I witnessed this first-hand when my post about food insurance vs. health insurance got picked up on Reddit. It was obvious from some of the earliest comments that folks hadn’t bothered to read the article, because they were like “Well… he didn’t bring up X” when, in fact, I did bring up X. So, not a surprising article from Slate, but they do have lots of specific data to back up the reality that folks just don’t finish reading articles. Often even if they share them!
I wonder how many people finished reading that article, though…
So “sanctity of marriage” is a phrase that almost always means “we’re talking about gay marriage”. But it shouldn’t. There are other fish to fry, and the The Daily Beast has a feature article called The ‘Me, Me, Me’ Wedding serving up a big one: the superficiality and selfishness of America’s bridezilla culture. From the article:
In many pockets of 21st-century America, the idea of the wedding as something communal is anathema—a relic from a bygone era or the realm of the devoutly religious. Nuptials today are defined by your Pinterest board, of which there are a multiplying number of wedding-related ones, three-day destination extravaganzas, and $200 spoons from Michael C. Fina. So, many American weddings have evolved into a fixation with material details, trials of abject devotion by members of the wedding party, and resigned acceptance of bridal crusades for perfection that threaten to crush all in their path. Because, well, you deserve it—it’s your day.
The article also points out that this wedding culture is just a a toxic spawn of conspicuous consumption more generally with this memorable line:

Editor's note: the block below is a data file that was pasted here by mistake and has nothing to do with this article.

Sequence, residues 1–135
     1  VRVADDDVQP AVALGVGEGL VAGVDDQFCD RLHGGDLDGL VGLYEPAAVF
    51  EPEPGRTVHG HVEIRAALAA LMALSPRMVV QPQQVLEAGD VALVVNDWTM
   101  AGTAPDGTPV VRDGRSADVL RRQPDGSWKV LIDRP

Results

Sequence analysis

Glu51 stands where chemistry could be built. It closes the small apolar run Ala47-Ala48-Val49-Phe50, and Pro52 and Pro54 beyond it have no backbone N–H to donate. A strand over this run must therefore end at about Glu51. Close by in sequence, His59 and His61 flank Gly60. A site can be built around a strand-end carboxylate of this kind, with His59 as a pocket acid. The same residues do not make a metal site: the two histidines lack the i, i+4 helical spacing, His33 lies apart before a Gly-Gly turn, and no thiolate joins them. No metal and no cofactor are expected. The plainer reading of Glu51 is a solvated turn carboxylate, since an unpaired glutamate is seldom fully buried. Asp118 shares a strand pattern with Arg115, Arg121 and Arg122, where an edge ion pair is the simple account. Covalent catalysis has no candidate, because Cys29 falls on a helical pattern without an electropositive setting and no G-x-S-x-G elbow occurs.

Peggy Olson or Don Draper couldn’t have conceived a better marketing slogan than “This is your day”—the kind of tagline that so deeply, and reliably, influences consumer behavior.
The whole thing is worth reading, both on its own merit and as a reminder that the institution of marriage in the United States has many, many problems.
It seems I’m back on my Monday morning posting schedule at Times And Seasons. Today I posted about potential problems with Mormon expectations for missions and marriage conflicting with society’s emerging idea of prolonged adolescence. Mostly a Mormon-centric piece again (it is on T&S, after all) but I think margon (Mormon jargon) is relatively light.
According to W. Bradford Wilcox (writing in The Atlantic),”today’s dads tend to make distinctive contributions to their children’s lives.” He gives 4 examples:
The Power of Play – “Fathers typically spend more of their time engaged in vigorous play than do mothers, and play a uniquely physical role in teaching their sons and daughters how to handle their bodies and their emotions on and off the field.”
Encouraging Risk – “In their approach to childrearing, fathers are more likely to encourage their children to take risks, embrace challenges, and be independent, whereas mothers are more likely to focus on their children’s safety and emotional well-being.”
Protecting His Own – “Fathers, by dint of their size, strength, or aggressive public presence, appear to be more successful in keeping predators and bad peer influences away from their sons and daughters.”
Dad’s Discipline – “In surveying the research on gender and parenthood for our book, Palkovitz observes that fathers tend to be firmer with their children, compared to mothers… In their view, mothers and fathers working together as co-parents offer a diverse yet balanced approach to discipline.”
Wilcox then goes on to talk about the particular impacts that fathers can have on their children’s lives. The whole articles is definitely worth a read.